Requiem for a Species
This book does not set out once more to raise the alarm to encourage us to take radical measures to head off climate chaos. There have been any number of books and reports in recent years explaining just how dire the future looks and how little time we have left to act. This book is about why we have ignored those warnings, and why it is now too late. It is a book about the frailties of the human species as expressed in both the institutions we built and the psychological dispositions that have led us on the path of self-destruction. It is about our strange obsessions, our hubris, and our penchant for avoiding the facts. It is the story of a battle within us between the forces that should have caused us to protect the Earth - our capacity to reason and our connection to Nature - and those that, in the end, have won out - our greed, materialism and alienation from Nature. And it is about the 21st century consequences of these failures. Clive Hamilton is author of the bestselling Affluenza and Growth Fetish, of Scorcher, and most recently Freedom Paradox.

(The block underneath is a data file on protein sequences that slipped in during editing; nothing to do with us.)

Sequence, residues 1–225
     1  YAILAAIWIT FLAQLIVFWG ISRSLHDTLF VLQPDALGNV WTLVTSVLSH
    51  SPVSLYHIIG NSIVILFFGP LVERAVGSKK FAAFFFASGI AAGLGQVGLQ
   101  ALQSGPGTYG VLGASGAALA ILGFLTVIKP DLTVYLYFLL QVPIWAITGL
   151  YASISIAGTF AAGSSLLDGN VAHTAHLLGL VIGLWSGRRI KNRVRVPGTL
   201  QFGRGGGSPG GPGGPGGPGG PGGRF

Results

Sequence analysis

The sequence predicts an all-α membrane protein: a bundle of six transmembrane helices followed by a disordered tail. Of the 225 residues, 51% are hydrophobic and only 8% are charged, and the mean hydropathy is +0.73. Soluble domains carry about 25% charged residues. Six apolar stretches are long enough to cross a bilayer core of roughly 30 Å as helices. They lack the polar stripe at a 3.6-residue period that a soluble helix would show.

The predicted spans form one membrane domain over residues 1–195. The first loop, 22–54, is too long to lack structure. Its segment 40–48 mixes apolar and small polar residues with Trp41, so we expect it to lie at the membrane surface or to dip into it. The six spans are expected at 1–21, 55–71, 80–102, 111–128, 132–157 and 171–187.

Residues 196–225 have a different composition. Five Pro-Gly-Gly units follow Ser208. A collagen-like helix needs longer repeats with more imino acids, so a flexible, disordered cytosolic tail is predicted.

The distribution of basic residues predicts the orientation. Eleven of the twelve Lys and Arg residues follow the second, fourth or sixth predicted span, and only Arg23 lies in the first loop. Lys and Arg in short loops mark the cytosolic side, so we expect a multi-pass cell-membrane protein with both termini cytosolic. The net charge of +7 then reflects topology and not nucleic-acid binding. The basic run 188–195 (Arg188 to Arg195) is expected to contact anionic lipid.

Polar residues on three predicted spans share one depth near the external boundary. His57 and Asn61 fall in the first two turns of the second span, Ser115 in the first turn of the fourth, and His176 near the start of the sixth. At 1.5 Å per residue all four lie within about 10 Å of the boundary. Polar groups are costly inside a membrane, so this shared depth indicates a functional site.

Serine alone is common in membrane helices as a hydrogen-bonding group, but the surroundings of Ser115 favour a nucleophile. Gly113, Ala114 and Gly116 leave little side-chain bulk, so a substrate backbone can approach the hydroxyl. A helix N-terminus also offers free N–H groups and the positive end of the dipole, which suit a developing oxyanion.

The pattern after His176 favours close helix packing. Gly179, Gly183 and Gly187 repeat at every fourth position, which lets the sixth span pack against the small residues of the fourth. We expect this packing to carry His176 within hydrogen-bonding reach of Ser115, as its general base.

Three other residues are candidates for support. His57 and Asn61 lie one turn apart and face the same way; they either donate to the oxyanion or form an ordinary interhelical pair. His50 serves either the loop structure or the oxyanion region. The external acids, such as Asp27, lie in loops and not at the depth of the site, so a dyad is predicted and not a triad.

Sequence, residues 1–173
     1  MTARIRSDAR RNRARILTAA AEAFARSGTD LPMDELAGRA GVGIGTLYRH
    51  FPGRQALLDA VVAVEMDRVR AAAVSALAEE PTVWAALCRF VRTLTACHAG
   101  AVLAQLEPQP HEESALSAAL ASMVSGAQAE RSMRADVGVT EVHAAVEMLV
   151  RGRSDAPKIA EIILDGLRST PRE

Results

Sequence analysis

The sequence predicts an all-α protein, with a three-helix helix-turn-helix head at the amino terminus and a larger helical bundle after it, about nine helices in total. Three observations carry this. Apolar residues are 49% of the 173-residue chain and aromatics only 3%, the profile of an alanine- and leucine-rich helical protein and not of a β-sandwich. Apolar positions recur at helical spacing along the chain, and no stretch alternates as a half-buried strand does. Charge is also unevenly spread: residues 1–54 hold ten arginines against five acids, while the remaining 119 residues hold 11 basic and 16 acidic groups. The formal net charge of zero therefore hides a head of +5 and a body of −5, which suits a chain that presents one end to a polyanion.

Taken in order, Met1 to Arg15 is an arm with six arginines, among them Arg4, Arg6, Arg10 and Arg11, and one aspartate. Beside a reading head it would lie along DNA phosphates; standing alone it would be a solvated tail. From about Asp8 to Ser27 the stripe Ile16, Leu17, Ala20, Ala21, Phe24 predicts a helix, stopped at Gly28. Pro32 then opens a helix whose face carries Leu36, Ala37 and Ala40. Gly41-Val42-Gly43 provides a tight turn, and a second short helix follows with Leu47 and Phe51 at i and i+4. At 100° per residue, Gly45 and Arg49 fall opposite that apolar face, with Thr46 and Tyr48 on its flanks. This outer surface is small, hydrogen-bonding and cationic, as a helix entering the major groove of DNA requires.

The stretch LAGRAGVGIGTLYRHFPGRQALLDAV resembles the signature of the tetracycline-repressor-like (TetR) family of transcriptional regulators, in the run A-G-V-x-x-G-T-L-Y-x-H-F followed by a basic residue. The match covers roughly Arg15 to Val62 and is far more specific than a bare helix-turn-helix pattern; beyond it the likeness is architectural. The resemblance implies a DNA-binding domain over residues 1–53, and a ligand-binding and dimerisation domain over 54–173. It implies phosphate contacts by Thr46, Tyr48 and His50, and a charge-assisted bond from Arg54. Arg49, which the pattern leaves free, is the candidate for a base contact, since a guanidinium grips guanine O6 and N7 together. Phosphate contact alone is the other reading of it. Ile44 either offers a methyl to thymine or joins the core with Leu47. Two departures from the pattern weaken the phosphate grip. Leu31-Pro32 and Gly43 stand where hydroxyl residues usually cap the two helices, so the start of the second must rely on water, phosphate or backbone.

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The fourdegree world
Reconstructing a future
American Anderson and Bows argue atmosphere Australia become behaviour believe billion tonnes biosphere capture and storage carbon capture carbon dioxide carbon emissions cent century challenge China clean coal climate change climate crisis climate disruption climate engineering climate sceptics climate science climate scientists climate system Clive Hamilton CO2 emissions coal-fired power plants conservative consumer consumerism consumption cost cultural cutting emissions decades decline Earth Earth’s climate economic growth Economics of Climate economists effects energy environment environmental environmentalists four degrees future Gaia gases geoengineering global emissions global warming greenhouse gas greenhouse gas emissions growth fetishism human impacts income industry Institute IPCC James Lovelock Kasser living living Earth Lovelock Marshall Institute mechanical philosophy modern National natural world Newton’s Nicholas Stern Nordhaus nuclear political population problem response rich countries rise risk scientific self-construal social society solar stabilise Stern report Stern Review target temperature threat United values